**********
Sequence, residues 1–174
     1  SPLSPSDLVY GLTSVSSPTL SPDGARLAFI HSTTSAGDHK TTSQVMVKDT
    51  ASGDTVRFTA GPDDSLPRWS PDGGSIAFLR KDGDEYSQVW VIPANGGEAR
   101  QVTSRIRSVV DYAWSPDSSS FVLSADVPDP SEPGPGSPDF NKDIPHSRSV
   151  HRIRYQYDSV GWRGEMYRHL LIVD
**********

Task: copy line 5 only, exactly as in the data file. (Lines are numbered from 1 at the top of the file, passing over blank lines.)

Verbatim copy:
   151  HRIRYQYDSV GWRGEMYRHL LIVD